Tuesday, November 1, 2011

Halloween and Tarot for Children

Halloween was a blast, despite the fact that my youngest spent Mischief Night in the ER getting stitches in her finger. She was quite adamant that she did NOT need any help tackling the largest pumpkin she could haul. I applaud her determination, but next year I have the feeling she'll take me up on my offer plead to help.

The Halloween costume I mentioned in the last post was inspired by the character, Prunella on the Arthur show.

Prunella is a a peach colored rat who is interested in yoga, fortune telling, and paranormal phenomena. In one episode her sister, Rubella, makes a cootie catcher as a gift for Prunella's half birthday and claims that it can tell the future. We made cootie catchers after watching and started talking about other ways people play with telling fortunes. The cootie catcher gives very definite answers, maybe you remember from grade school, things like:

no way
for sure
you can bet on it
not in your dreams...

Just like in the episode, some people around here were not too thrilled with the cootie catcher's answers. I remember feeling the same way about my magic 8 ball. This got me thinking about  Tarot cards; the way they act as a Rorschach test of sorts, and allow you to explore aspects of life without pushing definite answers. I looked up "children's tarot cards" on-line, not sure if I would find any. It seems that others had the same idea because there was a list of results for various ways the tarot deck could be re-imagined for children. These days the tarot deck could incorporate anything from astrology, Kabbalah, runes, I Ching, animals....so you can see how children's fables and storybook characters could find their place in the major arcana. These cards deal the human condition and their titles might remind you of fables, or Shakespeare characters. I see it as a good way to explore the human condition with the child leading the way. There is no need to lend belief to the occult to use the cards; the Tarot has been a source of inspiration and creativity for individuals simply by sparking their imaginations.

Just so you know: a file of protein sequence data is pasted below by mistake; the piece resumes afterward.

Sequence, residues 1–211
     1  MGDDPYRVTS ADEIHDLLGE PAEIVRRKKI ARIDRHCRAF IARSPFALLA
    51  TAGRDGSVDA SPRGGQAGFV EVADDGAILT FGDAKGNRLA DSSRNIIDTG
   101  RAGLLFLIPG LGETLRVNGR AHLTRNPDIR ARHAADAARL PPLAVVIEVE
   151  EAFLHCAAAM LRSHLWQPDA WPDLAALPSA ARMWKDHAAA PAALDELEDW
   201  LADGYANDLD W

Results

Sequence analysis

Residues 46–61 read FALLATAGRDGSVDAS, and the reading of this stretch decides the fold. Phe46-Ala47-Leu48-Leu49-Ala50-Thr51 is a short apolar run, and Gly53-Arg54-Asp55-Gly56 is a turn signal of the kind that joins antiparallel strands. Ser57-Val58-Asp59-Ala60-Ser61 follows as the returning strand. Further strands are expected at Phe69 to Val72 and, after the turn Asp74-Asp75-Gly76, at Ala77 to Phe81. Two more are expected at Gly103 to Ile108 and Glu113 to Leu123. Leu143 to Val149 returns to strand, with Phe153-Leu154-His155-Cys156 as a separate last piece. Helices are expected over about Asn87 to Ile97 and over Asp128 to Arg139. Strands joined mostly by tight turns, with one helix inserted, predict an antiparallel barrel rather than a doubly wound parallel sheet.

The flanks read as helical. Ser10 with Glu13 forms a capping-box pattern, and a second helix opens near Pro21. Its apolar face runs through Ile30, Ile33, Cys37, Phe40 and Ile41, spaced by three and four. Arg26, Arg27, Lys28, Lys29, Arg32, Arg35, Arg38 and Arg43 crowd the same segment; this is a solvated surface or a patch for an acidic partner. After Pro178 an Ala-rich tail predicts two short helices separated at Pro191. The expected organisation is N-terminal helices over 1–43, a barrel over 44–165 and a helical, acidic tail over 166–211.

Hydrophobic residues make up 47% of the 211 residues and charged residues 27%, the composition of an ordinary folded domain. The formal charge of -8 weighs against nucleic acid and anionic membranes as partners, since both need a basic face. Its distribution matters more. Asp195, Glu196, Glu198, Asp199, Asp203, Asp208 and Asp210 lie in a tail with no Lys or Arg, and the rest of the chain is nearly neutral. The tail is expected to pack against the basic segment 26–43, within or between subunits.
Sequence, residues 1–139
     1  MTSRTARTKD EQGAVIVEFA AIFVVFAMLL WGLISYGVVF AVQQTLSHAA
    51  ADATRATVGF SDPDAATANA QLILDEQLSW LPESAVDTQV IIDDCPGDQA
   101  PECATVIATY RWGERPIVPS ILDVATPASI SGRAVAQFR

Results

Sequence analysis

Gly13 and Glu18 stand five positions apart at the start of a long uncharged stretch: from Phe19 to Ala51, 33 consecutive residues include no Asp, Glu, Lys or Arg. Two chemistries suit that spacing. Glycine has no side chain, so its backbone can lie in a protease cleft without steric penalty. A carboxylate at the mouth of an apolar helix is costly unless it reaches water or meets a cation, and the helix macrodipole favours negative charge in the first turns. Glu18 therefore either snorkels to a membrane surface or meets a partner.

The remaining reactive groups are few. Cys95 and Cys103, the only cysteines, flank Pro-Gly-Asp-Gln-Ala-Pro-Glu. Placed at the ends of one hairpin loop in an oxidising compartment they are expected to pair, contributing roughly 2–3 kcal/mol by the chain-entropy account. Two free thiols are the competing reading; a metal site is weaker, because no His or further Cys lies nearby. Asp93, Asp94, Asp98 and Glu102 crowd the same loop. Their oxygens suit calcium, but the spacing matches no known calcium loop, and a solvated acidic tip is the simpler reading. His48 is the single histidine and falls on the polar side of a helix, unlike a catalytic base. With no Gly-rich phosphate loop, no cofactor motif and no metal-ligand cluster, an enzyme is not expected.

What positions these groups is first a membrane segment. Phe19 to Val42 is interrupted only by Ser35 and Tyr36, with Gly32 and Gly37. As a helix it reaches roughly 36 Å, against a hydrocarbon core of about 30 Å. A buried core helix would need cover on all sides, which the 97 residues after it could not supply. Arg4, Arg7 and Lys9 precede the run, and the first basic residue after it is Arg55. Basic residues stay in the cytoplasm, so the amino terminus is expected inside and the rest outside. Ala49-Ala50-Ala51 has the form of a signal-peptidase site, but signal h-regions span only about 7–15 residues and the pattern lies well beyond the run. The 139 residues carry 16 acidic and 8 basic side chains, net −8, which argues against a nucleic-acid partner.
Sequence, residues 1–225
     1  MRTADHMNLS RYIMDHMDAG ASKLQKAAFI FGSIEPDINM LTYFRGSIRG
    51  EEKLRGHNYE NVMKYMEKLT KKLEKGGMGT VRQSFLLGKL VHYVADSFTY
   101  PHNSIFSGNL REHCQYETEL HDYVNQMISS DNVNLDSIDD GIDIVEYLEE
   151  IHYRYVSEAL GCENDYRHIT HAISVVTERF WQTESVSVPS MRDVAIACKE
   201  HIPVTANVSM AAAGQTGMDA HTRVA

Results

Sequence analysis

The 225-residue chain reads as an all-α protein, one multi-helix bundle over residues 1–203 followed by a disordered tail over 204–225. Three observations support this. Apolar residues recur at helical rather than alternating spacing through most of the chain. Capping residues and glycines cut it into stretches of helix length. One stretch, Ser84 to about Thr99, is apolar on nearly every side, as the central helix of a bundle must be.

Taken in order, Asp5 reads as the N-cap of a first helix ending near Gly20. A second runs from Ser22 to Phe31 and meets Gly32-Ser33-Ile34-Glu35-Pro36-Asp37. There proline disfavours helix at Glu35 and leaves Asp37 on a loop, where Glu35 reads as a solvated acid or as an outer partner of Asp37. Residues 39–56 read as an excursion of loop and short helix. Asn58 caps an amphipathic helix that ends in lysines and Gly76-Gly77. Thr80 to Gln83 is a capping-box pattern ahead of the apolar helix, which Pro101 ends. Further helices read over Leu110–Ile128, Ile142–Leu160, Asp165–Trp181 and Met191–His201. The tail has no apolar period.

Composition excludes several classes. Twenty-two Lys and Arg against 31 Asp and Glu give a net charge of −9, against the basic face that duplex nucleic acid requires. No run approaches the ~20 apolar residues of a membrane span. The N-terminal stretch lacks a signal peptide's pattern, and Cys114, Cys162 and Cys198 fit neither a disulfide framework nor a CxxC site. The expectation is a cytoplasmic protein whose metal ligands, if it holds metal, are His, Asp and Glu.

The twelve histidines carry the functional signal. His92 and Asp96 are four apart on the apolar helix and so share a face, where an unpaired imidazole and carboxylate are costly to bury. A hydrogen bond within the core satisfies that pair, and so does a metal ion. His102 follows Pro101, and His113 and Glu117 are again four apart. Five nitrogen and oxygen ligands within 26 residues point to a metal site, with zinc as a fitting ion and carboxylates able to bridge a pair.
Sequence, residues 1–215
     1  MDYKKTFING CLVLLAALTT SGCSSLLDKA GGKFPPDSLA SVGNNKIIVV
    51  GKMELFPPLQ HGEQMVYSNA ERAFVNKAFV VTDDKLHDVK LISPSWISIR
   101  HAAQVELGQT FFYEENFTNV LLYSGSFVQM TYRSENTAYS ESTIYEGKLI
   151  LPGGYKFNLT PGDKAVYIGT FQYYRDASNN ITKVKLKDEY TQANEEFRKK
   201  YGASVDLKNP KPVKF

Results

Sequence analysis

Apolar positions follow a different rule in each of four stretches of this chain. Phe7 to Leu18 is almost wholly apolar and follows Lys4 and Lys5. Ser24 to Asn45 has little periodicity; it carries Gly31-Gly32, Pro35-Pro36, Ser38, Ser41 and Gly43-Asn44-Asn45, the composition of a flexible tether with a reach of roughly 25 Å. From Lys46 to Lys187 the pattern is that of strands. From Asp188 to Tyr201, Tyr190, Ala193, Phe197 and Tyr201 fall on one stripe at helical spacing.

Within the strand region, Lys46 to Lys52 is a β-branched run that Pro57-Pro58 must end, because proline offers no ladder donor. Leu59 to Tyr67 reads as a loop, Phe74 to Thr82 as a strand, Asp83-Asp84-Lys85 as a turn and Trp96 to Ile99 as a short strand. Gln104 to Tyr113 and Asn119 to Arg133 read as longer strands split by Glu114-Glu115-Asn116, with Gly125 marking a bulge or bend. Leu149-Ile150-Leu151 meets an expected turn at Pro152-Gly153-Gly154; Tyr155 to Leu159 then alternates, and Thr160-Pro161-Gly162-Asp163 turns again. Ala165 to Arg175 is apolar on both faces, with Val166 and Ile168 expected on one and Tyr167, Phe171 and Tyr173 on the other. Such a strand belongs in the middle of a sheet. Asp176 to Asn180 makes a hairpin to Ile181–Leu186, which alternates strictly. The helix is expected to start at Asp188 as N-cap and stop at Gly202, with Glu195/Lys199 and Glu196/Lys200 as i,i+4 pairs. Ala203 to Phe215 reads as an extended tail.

I decided to ask my kids if they wanted to illustrate their own set. After taking a look at how diverse the decks are, they dove in with their own ideas about what strength, justice, earth, fool...might look like to them.

My daughter went from curiosity about Prunella's cootie catcher, to dressing like a fortune teller for Halloween and doing "readings" (which consist of selecting some cards and then telling a story around them). The tarot deck is a work in progress and I will post some pictures soon if I get the artist's permission.

1 comment:

  1. Wanda Gag led me here, to your beautiful blog, that I stayed up way to late reading, but found completely worth it. Your words totally engulfed me as did your papier mache people. So many of your posts struck a chord of harmony with my past present or future. And I thoroughly enjoy your quotes. Can't wait to devour your next post and find out what is happening on the farmette.
    Emily (fellow mother and artist)



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